A community forum focused on biking in the Northern Berkshires was recently held, where panelists discussed the challenges and future for expanding the potential for biking in the region.
Jonathan Butler, Adams Town Administrator, said that that the Ashuwillticook Rail Trail – an 11.2 mile railroad corridor turned bike path that runs from Lanesborough up through Adams – has had an impact on the town’s economy that he calls “nothing short of significant”.
“Honestly it does bring a lot people into our community from outside of our community from any town in a situation like ours where we’re trying to revitalize our downtown and play a bigger player in the visitor economy in Berkshire County,” said Butler.
Butler spoke as a panelist at a discussion of biking in the Northern Berkshires organized through the North Berkshire chapter of Mass In Motion, a state funded, community focused wellness program, and group Bike North Berkshire.
The next phase of the Ashuwillticook rail trail, funded by federal money received by localities last year, will stretch from Lime Street in Adams to Hodges Cross Road in North Adams. The project is expected to begin construction in 2015.
A 1.7 mile expansion of the trail through Adams from Hoosic Street to Lime Street is currently stalled, according to Butler, because of a conflict with the Berkshire Scenic Rail line, which runs parallel to the planned trail for six tenths of a mile. Butler said the project will go back out to bid this summer.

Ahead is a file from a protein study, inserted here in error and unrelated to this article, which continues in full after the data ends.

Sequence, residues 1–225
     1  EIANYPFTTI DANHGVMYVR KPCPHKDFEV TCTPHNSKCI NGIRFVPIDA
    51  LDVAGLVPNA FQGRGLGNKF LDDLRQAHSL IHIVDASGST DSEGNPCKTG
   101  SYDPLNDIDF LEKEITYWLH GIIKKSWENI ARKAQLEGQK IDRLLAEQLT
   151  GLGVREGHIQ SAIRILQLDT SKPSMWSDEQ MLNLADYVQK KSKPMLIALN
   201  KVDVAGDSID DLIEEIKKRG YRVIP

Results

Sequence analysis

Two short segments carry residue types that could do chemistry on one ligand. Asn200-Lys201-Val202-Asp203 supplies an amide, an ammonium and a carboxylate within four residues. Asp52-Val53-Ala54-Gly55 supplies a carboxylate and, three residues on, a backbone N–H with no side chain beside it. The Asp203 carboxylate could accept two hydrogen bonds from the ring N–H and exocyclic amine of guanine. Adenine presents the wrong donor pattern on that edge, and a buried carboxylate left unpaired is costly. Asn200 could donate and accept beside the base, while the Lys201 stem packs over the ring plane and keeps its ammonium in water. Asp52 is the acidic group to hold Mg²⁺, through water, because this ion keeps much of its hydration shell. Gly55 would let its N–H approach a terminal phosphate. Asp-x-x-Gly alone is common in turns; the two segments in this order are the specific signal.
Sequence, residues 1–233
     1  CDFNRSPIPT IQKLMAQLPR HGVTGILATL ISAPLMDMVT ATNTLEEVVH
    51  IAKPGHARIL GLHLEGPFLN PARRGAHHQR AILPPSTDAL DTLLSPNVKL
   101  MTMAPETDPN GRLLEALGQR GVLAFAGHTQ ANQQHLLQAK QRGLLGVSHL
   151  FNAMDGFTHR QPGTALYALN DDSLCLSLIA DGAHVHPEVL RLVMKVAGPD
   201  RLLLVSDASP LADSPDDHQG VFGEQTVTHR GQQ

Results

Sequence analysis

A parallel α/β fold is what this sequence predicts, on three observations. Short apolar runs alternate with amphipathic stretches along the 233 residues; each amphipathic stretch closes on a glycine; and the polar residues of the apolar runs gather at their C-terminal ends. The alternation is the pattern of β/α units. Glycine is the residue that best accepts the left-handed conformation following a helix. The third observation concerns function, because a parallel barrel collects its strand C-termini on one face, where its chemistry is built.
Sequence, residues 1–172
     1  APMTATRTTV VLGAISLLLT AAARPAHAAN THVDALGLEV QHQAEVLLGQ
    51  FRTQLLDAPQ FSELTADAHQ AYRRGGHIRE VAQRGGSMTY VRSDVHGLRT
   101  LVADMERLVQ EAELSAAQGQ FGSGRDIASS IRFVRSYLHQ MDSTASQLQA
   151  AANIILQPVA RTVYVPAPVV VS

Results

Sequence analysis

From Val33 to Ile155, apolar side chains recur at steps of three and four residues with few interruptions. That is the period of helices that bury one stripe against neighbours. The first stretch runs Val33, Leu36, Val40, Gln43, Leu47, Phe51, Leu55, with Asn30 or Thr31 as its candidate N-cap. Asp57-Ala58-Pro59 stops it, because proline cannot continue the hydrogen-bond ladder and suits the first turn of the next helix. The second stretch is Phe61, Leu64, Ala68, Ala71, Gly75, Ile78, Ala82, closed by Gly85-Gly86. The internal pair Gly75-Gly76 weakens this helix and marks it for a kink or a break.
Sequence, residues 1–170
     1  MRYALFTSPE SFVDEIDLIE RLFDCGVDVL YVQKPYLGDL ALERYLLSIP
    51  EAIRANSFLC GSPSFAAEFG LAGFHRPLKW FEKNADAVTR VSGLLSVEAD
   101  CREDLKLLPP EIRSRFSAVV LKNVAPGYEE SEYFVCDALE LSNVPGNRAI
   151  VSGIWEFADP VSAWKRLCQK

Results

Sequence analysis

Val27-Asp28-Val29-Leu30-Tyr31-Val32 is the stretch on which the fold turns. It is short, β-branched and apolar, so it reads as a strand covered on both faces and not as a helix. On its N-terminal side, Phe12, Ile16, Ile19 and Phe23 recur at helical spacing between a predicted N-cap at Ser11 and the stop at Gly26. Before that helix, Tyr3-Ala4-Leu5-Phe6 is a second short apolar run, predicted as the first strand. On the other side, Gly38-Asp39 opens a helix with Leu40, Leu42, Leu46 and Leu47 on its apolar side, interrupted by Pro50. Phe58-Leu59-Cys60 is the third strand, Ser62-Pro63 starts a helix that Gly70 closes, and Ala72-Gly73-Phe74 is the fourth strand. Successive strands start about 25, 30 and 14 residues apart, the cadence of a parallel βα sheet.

Butler did argue however, that he’d like to see some environmental regulations eased to allow for swifter permitting when expanding bike paths in Massachusetts.
“It seems like our regulatory process for bike trails is similar for what you’d have for a four-lane or six-lane highway – is a little bit extensive,” said Butler.
Lauren Stevens, a local activist from Williamstown also sat on the panel. Stevens warned that the municipalities should be wary of environmental issues related to expanding bike paths, particularly along wetlands like the Ashuwillticook, saying that the permitting might take longer or be more expensive than expected.
“Certainly environmental regulations should be reasonable but I also think that the wetlands values and rivers values that they protect do need to be protected, and that bike paths are small roads,” said Stevens.
Stevens said that because the Ashuwillticook currently runs along a railroad corridor that was built in the 19th century when there were few environmental regulations, it may make more sense to explore alternate pathway plans as the trail expands.
North Adams Mayor Richard Alcombright, also a panelist, said that he welcomes more community discussion around biking and similar public projects that he considers positive for economic development and community health. He also added that will take an engaged community to put new ideas into motion.
“You need a group that’s going to lobby for this, a group that’s going to be loud and vocal, and a group that’s focus and has act together,” said Alcombright.